The recently developed method that we call transmission-through-dye (TTD) microscopy [Reference Model, Khitrin and Blank11, Reference Gregg, McGuire, Focht and Model12] may at least partially address the problem of imaging the third dimension (and hence facilitate cell volume measurements). The principle of the method is quite simple: cells are placed in a very shallow compartment filled with a concentrated solution of a strongly absorbing, cell-impermeant dye. Because cells displace the dye, the brightness of transmitted image taken at the wavelength of maximal dye absorption reflects cell thickness (Figure 1). Lighter areas in a TTD image correspond to thicker parts of a cell, making qualitative interpretation of raw images quite intuitive (Figure 2). For quantitative analysis, cell thickness h is calculated from intensity I as
where α is the logarithmic absorption coefficient of the dye solution. To compute the total volume of a cell, the integrated intensity can be determined within a contour of area A drawn on the h-image around the cell of interest, and the result is further corrected for the background:
The vertical resolution achievable with this method inversely depends on α and on the signal-to-noise ratio of the gray level per pixel, and can be estimated [Reference Model, Khitrin and Blank11] as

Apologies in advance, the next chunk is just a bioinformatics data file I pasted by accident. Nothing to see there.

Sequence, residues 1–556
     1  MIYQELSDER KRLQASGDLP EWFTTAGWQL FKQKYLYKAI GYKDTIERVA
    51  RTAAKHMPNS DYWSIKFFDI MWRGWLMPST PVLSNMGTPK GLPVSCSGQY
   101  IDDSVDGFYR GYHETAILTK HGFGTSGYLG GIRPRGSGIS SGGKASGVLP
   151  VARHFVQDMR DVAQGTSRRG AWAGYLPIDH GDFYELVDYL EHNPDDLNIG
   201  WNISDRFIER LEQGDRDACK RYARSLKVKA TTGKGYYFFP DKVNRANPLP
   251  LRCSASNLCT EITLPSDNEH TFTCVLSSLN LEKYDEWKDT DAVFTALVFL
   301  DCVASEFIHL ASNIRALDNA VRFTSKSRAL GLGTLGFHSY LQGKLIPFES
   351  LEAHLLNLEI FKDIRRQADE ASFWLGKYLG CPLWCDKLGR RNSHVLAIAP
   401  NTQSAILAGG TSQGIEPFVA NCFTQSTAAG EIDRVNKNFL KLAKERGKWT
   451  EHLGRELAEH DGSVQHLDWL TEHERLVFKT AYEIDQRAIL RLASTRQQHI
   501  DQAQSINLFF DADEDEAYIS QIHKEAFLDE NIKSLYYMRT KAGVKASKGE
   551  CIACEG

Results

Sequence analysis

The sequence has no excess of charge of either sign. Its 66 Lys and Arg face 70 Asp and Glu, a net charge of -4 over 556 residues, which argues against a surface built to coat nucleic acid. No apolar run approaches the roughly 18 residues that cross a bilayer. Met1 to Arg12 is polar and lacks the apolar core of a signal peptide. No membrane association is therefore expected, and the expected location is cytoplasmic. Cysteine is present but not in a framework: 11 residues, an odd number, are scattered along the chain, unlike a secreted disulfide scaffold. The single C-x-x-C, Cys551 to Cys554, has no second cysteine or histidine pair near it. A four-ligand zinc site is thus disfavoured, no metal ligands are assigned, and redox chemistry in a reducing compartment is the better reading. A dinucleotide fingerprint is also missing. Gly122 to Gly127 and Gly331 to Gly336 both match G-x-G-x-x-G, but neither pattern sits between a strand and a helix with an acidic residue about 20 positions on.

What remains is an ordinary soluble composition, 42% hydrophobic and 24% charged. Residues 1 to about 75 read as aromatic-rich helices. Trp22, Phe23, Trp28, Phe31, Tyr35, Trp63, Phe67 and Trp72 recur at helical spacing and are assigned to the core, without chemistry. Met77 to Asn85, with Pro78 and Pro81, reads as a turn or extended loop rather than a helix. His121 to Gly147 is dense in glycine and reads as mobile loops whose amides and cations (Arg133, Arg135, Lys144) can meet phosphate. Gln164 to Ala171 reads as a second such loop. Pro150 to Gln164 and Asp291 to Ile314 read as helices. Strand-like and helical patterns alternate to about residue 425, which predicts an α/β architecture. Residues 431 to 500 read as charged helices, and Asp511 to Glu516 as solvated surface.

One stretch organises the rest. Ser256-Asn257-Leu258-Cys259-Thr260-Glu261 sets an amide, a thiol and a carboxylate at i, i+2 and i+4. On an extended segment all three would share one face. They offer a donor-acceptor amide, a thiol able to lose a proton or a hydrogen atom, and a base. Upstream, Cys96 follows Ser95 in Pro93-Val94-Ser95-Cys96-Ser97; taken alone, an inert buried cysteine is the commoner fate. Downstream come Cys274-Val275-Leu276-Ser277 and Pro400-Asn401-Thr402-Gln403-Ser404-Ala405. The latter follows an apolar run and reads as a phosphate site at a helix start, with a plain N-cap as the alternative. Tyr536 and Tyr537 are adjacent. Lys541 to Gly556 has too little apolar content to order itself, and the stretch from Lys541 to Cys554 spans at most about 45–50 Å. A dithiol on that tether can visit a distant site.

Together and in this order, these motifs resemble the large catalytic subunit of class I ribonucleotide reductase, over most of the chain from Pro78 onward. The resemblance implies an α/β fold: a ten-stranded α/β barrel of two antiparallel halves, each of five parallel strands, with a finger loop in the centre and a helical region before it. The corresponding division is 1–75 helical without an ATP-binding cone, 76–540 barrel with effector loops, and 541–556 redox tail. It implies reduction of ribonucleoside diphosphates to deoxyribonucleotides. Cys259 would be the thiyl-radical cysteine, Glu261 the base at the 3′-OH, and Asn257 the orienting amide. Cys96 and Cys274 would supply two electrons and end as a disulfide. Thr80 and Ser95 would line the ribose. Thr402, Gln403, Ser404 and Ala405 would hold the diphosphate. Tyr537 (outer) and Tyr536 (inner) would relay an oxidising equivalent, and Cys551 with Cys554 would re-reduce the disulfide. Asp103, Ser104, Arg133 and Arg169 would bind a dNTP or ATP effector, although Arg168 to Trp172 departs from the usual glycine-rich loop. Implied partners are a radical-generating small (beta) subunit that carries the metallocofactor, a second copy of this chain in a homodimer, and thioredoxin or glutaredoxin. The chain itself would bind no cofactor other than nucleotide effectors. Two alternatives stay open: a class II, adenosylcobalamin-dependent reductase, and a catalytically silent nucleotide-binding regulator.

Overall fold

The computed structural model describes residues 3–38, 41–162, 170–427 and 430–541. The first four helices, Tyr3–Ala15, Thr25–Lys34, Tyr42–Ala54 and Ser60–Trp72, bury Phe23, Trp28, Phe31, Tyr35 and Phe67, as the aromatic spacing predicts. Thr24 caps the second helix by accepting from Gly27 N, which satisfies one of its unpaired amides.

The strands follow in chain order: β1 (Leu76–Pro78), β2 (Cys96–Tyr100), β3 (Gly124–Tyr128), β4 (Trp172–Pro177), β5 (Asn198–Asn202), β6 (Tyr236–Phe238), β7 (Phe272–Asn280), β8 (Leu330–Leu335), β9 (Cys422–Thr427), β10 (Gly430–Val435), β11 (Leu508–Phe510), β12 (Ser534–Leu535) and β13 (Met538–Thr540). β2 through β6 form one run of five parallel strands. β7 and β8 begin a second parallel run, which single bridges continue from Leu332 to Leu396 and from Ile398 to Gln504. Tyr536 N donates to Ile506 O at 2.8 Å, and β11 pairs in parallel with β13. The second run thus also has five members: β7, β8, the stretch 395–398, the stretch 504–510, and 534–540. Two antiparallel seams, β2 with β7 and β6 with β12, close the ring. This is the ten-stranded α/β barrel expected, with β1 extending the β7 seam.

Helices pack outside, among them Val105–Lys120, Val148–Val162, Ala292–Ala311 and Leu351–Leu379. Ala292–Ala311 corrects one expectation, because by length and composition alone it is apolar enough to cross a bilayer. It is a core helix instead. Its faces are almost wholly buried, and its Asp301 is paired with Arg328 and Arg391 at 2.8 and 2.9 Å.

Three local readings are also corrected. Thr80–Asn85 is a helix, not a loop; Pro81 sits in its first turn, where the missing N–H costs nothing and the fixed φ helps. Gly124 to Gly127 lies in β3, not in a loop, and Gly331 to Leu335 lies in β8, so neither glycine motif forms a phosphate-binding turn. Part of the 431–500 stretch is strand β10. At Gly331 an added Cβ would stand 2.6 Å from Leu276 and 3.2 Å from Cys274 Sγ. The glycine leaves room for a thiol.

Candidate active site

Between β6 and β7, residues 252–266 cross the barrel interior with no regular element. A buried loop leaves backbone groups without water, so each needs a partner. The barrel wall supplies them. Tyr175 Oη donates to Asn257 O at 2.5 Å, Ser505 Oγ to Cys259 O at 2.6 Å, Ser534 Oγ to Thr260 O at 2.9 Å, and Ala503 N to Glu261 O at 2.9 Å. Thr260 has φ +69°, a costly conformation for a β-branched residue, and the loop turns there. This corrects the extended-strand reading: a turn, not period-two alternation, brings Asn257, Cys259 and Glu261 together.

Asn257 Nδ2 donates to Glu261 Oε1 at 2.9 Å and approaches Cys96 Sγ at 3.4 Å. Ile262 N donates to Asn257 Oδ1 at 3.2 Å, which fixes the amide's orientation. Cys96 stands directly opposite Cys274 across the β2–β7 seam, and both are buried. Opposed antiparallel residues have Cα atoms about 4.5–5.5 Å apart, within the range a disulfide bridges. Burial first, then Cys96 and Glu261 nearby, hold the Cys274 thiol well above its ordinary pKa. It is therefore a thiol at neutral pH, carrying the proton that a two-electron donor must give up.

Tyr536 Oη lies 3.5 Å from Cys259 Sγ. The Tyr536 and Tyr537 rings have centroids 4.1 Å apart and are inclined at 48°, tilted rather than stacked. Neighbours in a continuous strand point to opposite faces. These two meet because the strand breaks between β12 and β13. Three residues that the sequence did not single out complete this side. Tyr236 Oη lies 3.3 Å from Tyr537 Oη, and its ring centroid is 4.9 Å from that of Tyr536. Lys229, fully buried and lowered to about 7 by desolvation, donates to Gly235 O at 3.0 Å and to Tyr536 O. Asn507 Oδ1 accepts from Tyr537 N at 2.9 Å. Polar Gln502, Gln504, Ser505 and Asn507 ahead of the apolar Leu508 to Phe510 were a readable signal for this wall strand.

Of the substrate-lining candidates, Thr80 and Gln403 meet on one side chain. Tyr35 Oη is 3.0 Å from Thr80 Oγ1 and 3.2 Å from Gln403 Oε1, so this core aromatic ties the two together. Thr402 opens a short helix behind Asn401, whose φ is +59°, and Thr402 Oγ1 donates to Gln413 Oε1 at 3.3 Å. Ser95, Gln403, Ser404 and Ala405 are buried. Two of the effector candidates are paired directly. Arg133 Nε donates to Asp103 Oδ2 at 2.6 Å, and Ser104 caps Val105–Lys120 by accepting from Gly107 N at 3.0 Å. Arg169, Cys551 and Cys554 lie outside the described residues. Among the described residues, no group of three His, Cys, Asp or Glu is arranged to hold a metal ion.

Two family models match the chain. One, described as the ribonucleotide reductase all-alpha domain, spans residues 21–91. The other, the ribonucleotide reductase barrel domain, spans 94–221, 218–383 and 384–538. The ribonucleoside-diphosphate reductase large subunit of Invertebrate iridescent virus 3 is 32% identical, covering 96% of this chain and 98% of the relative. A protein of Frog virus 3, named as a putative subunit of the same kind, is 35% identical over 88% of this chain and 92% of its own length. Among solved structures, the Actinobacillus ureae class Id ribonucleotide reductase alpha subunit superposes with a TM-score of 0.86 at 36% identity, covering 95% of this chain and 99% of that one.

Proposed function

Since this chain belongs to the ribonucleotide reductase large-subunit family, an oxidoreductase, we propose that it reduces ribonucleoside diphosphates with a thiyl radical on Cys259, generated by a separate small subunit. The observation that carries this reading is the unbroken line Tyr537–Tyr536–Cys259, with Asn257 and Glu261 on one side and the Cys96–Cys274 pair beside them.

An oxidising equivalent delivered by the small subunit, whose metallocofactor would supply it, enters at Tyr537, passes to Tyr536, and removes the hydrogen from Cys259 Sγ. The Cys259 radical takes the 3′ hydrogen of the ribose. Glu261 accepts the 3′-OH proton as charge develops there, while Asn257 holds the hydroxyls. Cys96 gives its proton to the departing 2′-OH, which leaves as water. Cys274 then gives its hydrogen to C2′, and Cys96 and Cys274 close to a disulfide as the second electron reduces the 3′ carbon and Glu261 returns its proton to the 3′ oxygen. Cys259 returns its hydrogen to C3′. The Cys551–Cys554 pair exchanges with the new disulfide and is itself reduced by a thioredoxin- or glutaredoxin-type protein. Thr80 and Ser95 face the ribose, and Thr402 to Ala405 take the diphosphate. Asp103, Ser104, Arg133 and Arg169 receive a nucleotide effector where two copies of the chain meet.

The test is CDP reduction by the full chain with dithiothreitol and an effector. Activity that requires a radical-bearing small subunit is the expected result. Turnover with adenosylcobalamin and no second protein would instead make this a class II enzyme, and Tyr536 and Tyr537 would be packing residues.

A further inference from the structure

Thus, if S/N = 100 (a typical value for a cooled CCD camera), then α = 0.1 μm−1 will ensure thickness resolution on the order of 0.1 μm; a much higher resolution may be possible with more concentrated dyes. At the same time, the lateral resolution is still limited by diffraction, as in regular transmission microscopy.
A dye suitable for TTD imaging of live cells should be cell-impermeant, nontoxic, and with sufficiently strong absorption to produce good contrast between the cell and surrounding area. The food colorant Acid Blue 9 (AB9), also known as Brilliant Blue FCF, has an absorption peak at 630 nm with α630 ≈ 0.22 μm−1 for a 1% solution. The purity of AB9 does not appear to be consistent among different manufacturers; we use the product from TCI America (TCI America, Portland, OR, catalog No. B0790). When added to normal culture medium at 0.5–1% w/v, AB9 is well tolerated by all cell types that we have tested: cells continue to proliferate, exhibit normal overall morphology, and have bright mitotracker staining [Reference Gregg, McGuire, Focht and Model12]. Another food colorant, Patent Blue V, is also compatible with living cells, but we have not tested it as thoroughly.
Penetration of the dye into a cell would result in underestimation of its thickness and volume by the factor 1 − αin/αout; thus, endocytosis of a significant amount of dye might in principle affect the measurements. We found, however, that an overnight incubation of T24 or HeLa cells with 0.5% AB9 barely stains the cells and should not produce an error greater than a few percent. By contrast, cells with severely damaged plasma membranes immediately absorb AB9 and become darker than the background in TTD images; in this case, absorption of AB9 correlates with propidium iodide staining. Moderate leakage of AB9 can be detected and possibly quantified by the degree of quenching of intracellular red fluorophores [Reference Pelts, Pandya, Oh and Model13].